30. Therefore, the 2005 Conference of Parties in Montreal developed decisions which
launched a two track process to further develop the future international climate change
regime; first, is the Ad Hoc Working Group under the Kyoto Protocol (AWG-KP) which has
the mandate to negotiate legally binding targets for the second and subsequent commitment
periods for Annex 1 Parties, and how to reach those targets. Secondly, is the Ad hoc
Working Group on Long-term Cooperative Action (AWG-LCA), under the UNFCCC, which
deals with adaptation, mitigation, financing and transfer of clean-energy technology to
THE COPENHAGEN ACCORD
31. The negotiations in Copenhagen were about strengthening the climate regime now, up to
and beyond 2012, when the first commitment period of the Kyoto Protocol ends. The Accord
was drafted by the United States in a united position with the BASIC countries (China, India,
South Africa, and Brazil).
32. The Accord is not legally binding and does not commit countries to agree to a binding
successor to the Kyoto Protocol, whose present round ends in 2012. The Copenhagen
Accord is a document that delegates at the 15th session of the Conference of Parties (COP
15) to the United Nations Framework Convention on Climate Change agreed to "take note
of" at the final plenary on 18 December 2009 (Annexure C-Copenhagen Accord).
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THE CANCUN CONFERENCE
33. The 2010 United Nations Climate Change Conference was held in Cancun, Mexico. The
aim of the talks was to curb global warming by cutting carbon emissions. The Cancun
conference aims to agree on funds and approaches to preserve rainforests and prepare for a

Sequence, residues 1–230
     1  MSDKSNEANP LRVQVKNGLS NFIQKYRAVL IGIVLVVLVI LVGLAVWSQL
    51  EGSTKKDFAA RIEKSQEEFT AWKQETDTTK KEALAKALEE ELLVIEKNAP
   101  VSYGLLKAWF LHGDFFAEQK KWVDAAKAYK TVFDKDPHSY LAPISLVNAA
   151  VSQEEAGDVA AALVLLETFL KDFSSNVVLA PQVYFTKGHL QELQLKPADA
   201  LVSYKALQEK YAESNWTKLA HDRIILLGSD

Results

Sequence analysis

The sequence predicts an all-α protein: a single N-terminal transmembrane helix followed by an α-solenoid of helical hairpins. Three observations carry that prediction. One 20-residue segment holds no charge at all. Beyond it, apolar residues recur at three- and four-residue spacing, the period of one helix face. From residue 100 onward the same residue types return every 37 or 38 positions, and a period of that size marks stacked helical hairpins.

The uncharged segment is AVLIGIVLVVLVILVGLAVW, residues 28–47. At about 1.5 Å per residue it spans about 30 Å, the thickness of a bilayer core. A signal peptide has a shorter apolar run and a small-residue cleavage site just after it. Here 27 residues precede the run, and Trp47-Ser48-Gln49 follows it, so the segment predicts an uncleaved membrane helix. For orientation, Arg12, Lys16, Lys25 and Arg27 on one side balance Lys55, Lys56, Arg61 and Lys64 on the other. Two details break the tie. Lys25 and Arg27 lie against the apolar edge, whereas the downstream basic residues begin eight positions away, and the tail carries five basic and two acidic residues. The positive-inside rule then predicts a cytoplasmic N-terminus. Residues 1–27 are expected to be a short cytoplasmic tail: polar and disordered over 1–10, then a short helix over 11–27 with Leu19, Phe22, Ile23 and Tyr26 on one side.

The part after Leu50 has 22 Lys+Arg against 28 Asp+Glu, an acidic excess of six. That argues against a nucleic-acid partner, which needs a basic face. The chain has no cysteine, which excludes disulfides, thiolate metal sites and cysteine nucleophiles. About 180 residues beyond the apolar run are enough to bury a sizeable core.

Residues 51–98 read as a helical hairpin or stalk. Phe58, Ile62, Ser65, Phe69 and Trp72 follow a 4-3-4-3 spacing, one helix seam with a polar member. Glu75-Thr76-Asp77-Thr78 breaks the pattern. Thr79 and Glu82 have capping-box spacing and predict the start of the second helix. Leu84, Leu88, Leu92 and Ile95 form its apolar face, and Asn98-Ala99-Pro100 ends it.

hotter world, and to formalise existing targets to curb greenhouse gas emissions.
34. The following were agreed upon at Cancun:
a) Cutting carbon emission: a number of rich countries have made pledges in the past
year to cut their greenhouse gas emissions by 2020 under the Copenhagen accord,
but they were not incorporated in the official UN process. Cancun formally put those
pledges into the UN documentation, although they may increase or decrease in
future. For the first time developing countries also agreed to look at how they can cut
emissions in the future, but did not make specific pledges. None of the cuts is legally
binding and analysis suggests the pledges would lead to a 3.2 deg C rise in
temperatures far higher than the 2deg C generally considered to be a level of safe
b) Climate aid: a new climate green fund was agreed at Cancun to transfer money from
the developed to the developing world to tackle the effects of climate change. But no
figure was given to how much money will go into it.
c) Forest: formal backing was given for the UN’s deforestation scheme, Redd (reducing
emissions from deforestation and degradation); under which rich countries pay
poorer nations not to chop down forests and so lock away carbon emissions. But
details about when this will happen and exactly what form the scheme will take,
particularly whether developed countries will be able to use it to offset their emissions
rather than make cuts at home are still vague.
d) Kyoto protocol: decisions about the future of Kyoto protocol, the current international
treaty binding rich countries to cut emissions, were effectively differed until the next
conference that will be held in South Africa by 2011. Decisions on the role the
protocol will play in the ultimate future legal documents that bind the world’s countries
to emissions cuts were delayed.
e) Technology transfer: the idea of transferring knowledge of clean technology between
countries was agreed to at Cancun. A technology executive committee, a climate
technology centre and network are to be set up, but there are no details of the
money, where they will be based, when or by whom.
f) Inspections: countries agreed to the principle of having their emissions cuts
inspected. Such monitoring, reporting and verification will depend on the size of the
country’s economy, though who will carry out the inspections was not specified.
35. It was stated that the pledges currently on the table will only get the world 60% of the
way towards the emissions cuts that are hoped will keep global temperatures rising by more